Practice it again. Time yourself. If you’re using slides, figure out which slide corresponds to the halfway point of your presentation. That way, you can tell whether you’re going too slowly or too fast–while you still have time to do something about it.If you’re running short of time during the talk, it’s better to cut a pre-planned optional section in the middle than to be prevented from giving the conclusion. And don’t try to include every minor detail. Keep the big picture in mind.
During the Talk
Remember that an “extemporaneous” presentation– planned thoroughly in advance yet delivered in a spontaneous manner –will be far more convincing than a scripted one. In other words, don’t read your presentation. Keep in mind the purpose of your talk. You are not delivering a research paper.
Ask the audience to hold questions until the end except for brief questions of clarification. Otherwise you’re likely to get interrupted and run out of time.
Start by providing an overview of the topics you’ll be covering. Be sure to explain near the beginning why a non-specialist might be interested in your work. Near the end, be sure to explain why your substantive conclusions are of importance beyond the immediate topic of the work.
Maintain eye contact with the audience. Choose people at various locations in the room and systematically sweep your eyes around to be sure you engage the entire audience. Avoid standing right in front of the projector. You’ll end up obstructing the view of people near the front, and you’ll also be partially blinded by staring into the projector’slight. If you use a laser pointer, slowly circle around the item you want the audience to attend to, instead of trying to point at it directly. If you point and you’re nervous, your shaky hand will be greatly exaggerated by the laser beam.
Don’t stand in one spot during the entire presentation. Make use of both horizontal and vertical space when speaking. When asking or answering questions or emphasizing a point, move toward the audience. Create presence. Be unpredictable in your physical movement, but don’t pace back and forth.
After the Talk
The question-and-answer session following your talk can be as important as the talk itself. The best way to prepare for this portion of the job talk is to anticipate the kinds of questions that might be asked, then practice responding to them. Often thebiggest challenge is to understand what the questioner is asking.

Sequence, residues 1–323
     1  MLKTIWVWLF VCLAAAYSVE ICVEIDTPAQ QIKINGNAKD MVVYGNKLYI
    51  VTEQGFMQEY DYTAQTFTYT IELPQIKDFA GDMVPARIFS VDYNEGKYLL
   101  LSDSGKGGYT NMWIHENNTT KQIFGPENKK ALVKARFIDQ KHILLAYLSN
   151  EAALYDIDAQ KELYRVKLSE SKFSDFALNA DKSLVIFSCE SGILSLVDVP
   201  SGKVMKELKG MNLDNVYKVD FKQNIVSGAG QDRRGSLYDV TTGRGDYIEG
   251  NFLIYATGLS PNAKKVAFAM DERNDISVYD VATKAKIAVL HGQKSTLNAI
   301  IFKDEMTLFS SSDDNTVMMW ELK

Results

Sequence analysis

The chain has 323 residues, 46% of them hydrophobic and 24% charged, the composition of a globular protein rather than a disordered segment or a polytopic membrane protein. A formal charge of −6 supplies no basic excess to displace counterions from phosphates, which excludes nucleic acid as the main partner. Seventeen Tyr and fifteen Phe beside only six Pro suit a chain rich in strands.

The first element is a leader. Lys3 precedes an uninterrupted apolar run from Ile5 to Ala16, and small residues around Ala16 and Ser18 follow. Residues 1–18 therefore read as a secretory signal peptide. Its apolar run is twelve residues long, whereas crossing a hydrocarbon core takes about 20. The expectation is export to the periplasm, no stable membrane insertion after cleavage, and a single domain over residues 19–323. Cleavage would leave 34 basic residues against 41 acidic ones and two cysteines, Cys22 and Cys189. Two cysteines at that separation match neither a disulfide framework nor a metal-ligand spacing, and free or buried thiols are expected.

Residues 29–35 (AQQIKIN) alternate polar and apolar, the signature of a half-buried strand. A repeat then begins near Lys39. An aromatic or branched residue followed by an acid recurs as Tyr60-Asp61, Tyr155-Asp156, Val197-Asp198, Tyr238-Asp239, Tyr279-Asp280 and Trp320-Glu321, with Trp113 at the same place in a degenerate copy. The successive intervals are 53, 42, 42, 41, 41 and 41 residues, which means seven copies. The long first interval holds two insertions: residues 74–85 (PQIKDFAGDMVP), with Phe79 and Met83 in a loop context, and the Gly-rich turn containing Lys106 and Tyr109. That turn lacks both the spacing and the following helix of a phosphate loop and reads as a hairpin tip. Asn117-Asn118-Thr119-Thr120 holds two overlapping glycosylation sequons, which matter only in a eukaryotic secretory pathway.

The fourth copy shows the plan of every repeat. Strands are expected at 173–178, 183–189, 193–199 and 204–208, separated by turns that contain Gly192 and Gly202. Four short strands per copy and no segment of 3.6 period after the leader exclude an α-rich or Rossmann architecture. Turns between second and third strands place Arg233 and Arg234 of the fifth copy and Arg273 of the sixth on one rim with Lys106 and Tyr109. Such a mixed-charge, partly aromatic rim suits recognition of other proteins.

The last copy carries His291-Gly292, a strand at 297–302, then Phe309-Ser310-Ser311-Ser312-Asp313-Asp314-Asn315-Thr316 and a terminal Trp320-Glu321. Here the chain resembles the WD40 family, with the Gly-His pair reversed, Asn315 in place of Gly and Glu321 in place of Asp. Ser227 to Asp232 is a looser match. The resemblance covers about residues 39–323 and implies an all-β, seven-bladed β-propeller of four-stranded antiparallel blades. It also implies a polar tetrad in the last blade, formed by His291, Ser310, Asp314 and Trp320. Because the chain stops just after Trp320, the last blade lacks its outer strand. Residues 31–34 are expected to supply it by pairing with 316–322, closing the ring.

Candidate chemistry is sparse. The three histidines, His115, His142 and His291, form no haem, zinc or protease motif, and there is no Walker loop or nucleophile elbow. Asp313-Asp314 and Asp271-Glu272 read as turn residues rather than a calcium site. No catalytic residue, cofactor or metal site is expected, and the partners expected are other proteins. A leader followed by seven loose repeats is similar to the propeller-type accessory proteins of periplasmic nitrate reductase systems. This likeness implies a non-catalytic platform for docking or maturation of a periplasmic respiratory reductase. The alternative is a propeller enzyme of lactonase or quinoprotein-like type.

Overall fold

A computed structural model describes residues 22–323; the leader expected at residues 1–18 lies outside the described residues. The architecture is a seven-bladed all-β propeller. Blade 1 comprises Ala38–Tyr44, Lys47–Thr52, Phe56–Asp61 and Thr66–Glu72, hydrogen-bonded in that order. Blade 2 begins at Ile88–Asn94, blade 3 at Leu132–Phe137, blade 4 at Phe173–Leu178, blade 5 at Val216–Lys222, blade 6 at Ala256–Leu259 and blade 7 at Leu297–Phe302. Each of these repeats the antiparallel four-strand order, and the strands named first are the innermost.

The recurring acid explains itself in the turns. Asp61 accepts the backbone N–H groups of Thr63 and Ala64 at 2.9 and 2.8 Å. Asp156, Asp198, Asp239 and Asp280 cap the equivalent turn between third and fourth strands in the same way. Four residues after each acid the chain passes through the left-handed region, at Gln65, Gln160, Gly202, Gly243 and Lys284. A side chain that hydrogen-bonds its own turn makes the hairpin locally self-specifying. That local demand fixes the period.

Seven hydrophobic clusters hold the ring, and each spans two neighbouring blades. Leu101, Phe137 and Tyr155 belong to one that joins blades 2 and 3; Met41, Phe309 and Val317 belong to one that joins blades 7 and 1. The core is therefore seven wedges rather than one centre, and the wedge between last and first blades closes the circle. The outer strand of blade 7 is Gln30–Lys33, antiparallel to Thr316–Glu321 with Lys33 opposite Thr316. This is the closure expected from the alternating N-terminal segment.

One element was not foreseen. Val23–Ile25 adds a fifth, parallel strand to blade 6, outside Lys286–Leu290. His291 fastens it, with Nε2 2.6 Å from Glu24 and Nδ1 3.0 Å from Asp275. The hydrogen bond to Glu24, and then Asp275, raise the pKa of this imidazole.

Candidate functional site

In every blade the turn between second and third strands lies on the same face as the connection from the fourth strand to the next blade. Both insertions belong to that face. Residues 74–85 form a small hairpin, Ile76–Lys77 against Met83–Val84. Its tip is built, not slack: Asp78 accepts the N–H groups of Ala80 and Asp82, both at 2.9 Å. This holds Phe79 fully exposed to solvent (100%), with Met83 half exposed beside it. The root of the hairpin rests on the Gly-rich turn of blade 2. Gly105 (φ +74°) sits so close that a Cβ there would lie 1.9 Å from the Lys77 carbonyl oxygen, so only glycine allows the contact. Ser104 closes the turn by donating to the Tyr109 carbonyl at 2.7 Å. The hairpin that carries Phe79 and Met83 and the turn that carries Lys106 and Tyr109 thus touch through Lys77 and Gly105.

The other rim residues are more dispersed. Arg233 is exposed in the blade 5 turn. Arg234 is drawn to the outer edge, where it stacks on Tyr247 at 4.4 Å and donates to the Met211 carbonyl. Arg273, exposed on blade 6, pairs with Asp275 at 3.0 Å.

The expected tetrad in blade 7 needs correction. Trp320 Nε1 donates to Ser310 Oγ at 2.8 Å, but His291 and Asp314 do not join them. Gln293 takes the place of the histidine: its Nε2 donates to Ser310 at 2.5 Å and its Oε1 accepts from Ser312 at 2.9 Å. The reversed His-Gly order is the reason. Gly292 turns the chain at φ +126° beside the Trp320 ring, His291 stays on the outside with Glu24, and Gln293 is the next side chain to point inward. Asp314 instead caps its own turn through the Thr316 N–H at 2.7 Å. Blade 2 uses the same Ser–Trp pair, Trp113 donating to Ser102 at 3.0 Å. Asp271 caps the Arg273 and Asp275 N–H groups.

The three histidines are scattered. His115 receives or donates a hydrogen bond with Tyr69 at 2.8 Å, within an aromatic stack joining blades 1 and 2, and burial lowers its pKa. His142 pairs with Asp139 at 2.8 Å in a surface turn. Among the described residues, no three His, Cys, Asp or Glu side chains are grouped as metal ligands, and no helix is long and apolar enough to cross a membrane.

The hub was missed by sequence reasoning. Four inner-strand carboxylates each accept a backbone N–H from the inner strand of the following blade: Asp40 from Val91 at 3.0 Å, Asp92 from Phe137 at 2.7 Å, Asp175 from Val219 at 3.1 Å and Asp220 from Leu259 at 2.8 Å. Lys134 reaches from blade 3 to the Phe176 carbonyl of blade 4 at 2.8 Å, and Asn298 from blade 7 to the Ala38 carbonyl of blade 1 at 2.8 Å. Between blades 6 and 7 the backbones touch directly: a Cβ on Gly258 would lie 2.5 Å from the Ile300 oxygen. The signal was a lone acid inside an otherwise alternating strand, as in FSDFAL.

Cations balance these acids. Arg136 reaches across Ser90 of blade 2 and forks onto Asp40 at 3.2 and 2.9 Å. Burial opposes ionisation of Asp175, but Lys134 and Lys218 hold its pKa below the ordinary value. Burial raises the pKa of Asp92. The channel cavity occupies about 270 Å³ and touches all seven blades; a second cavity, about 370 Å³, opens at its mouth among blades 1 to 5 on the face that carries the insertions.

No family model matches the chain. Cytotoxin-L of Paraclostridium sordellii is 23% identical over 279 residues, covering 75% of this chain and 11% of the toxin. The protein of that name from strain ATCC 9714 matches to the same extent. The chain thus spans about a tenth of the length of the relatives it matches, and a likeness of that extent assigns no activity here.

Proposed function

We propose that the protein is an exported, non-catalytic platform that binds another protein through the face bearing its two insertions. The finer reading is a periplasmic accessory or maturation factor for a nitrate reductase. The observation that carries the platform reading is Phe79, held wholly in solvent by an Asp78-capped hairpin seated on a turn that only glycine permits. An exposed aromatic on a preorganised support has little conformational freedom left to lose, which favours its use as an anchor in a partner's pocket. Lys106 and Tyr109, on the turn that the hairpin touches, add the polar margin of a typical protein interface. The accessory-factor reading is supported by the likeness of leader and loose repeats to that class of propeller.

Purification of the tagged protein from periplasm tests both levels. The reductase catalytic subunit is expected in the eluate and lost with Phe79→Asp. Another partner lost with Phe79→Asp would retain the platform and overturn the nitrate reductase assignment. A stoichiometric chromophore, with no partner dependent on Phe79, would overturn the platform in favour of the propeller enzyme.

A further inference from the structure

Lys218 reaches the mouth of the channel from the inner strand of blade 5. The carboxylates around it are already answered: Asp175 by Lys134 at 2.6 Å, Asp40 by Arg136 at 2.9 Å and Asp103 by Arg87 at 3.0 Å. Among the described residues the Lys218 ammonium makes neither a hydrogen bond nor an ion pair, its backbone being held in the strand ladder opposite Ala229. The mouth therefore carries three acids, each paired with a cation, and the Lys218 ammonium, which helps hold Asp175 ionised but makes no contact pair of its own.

Pause before you reply.If you’re not sure what the question is, ask for clarification by restating the question in your own words and asking if that is what the questioner meant. It’s okay to take notes on the remarks from the audience, especially on an interesting point that you hadn't considered. And it’s not a crime to say, "I don't know. That’s a great question and it would make a great follow-up research project." (Just don’t answer every question like that.) Finally, never, ever argue or become defensive with the questioner.
In the end, remember that the job talk is not another defense of your work. You don’t have to prove your competence. Instead, consider it a demonstration of your ability to contribute and collaborate as a potential colleague and as a clear communicator. That’s what your audience is most interested in knowing.
The Academic Job Search, Rice University Career Services Center.
Jonathan A. Dantzig (2001). Landing an Academic Job: The Process and the Pitfalls. Department of Mechanical and Industrial Engineering, University of Illinois at Urbana-Champaign, February 22, 2001.
Perfecting The Job Talk by Professor John Eadie, Department of Wildlife, Fish & Conservation Biology, University of California, Davis, http://iccweb.ucdavis.edu/graduates/PerfectJobTalk.htm.